|go to week of May 26, 2013||26||27||28||29||30||31||1|
|go to week of Jun 2, 2013||2||3||4||5||6||7||8|
|go to week of Jun 9, 2013||9||10||11||12||13||14||15|
|go to week of Jun 16, 2013||16||17||18||19||20||21||22|
|go to week of Jun 23, 2013||23||24||25||26||27||28||29|
|go to week of Jun 30, 2013||30||1||2||3||4||5||6|
Aspiring writers are often told that in order to learn to write well, they need to read high quality texts. Most of us, however, find it surprisingly hard to pinpoint what aspects of well-written texts make them so good. In this talk I will present our most recent work on automatic discovery of elements of text quality with a focus on discovery of communicative goals and text specificity. Our results suggest that the quality of texts form several genres could be predicted automatically.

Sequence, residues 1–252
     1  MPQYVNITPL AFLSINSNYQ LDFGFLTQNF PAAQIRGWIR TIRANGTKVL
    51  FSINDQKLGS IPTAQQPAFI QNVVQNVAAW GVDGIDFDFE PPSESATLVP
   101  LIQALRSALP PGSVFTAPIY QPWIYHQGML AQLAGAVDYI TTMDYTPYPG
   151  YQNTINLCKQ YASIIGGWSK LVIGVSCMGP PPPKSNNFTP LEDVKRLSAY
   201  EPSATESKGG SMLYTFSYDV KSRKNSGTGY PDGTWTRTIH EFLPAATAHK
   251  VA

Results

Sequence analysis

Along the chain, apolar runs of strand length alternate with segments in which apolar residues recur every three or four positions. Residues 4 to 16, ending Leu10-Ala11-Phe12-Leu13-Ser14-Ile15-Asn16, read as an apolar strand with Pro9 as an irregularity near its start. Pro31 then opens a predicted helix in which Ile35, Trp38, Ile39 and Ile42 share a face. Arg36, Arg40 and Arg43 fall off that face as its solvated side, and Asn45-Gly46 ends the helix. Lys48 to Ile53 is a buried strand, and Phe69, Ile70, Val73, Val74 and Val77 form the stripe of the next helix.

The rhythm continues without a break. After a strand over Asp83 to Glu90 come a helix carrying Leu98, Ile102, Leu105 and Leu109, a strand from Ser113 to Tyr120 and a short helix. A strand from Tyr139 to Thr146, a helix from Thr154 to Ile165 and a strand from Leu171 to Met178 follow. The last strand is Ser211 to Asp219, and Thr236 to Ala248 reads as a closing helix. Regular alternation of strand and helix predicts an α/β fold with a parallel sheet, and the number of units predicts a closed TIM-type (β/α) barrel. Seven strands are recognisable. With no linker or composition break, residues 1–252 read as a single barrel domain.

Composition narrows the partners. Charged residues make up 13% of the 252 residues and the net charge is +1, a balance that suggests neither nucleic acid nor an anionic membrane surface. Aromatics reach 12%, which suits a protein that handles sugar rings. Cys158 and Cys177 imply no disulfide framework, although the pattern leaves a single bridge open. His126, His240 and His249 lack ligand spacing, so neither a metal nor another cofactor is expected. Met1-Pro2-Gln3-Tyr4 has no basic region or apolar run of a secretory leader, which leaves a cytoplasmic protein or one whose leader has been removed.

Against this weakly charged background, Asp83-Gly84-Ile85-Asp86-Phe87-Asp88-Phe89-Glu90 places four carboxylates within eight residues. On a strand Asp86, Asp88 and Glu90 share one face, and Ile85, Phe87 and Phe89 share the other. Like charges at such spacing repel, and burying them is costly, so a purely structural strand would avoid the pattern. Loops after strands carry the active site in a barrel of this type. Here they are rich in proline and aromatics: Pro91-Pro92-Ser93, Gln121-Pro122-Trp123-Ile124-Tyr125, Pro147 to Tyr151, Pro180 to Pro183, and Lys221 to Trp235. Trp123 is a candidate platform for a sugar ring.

Our models of communicative goals rely entirely on structural features to detect sentences with similar communicative goals across a collection of texts. Our experiments show that coherent texts exhibit strong structural patterns in pairs of adjacent sentences and that text coherence can be accurately estimated from these patterns. We have applied this coherence model to academic and journalistic writing. We have found significant differences in the communicative goals expressed in great and typical writing in these domains and I will discuss some of these differences.
This is joint work with Annie Louis.
Ani Nenkova is an Assistant Professor of Computer and Information Science at the University of Pennsylvania. Her main areas of research are automatic summarization, discourse, and text quality. She obtained her PhD degree in Computer Science from Columbia University in 2006. She also spent a year and a half as a postdoctoral fellow at Stanford University before joining Penn in Fall 2007.